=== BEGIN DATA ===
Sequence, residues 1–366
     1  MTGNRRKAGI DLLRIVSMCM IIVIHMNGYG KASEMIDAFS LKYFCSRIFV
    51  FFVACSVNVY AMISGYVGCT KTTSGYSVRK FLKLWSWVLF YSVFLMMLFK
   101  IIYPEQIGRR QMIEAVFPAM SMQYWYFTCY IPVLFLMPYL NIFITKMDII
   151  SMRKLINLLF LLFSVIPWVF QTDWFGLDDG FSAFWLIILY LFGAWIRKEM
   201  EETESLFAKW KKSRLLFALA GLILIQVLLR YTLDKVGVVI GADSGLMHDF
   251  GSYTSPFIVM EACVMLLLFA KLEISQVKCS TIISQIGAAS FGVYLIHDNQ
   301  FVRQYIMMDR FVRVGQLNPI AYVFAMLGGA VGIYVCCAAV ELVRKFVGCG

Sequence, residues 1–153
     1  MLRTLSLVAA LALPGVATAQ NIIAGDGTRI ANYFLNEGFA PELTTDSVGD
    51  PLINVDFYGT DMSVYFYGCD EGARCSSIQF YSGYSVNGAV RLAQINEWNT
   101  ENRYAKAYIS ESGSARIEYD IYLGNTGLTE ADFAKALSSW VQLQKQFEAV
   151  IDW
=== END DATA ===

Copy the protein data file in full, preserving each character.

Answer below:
Sequence, residues 1–366
     1  MTGNRRKAGI DLLRIVSMCM IIVIHMNGYG KASEMIDAFS LKYFCSRIFV
    51  FFVACSVNVY AMISGYVGCT KTTSGYSVRK FLKLWSWVLF YSVFLMMLFK
   101  IIYPEQIGRR QMIEAVFPAM SMQYWYFTCY IPVLFLMPYL NIFITKMDII
   151  SMRKLINLLF LLFSVIPWVF QTDWFGLDDG FSAFWLIILY LFGAWIRKEM
   201  EETESLFAKW KKSRLLFALA GLILIQVLLR YTLDKVGVVI GADSGLMHDF
   251  GSYTSPFIVM EACVMLLLFA KLEISQVKCS TIISQIGAAS FGVYLIHDNQ
   301  FVRQYIMMDR FVRVGQLNPI AYVFAMLGGA VGIYVCCAAV ELVRKFVGCG

Sequence, residues 1–153
     1  MLRTLSLVAA LALPGVATAQ NIIAGDGTRI ANYFLNEGFA PELTTDSVGD
    51  PLINVDFYGT DMSVYFYGCD EGARCSSIQF YSGYSVNGAV RLAQINEWNT
   101  ENRYAKAYIS ESGSARIEYD IYLGNTGLTE ADFAKALSSW VQLQKQFEAV
   151  IDW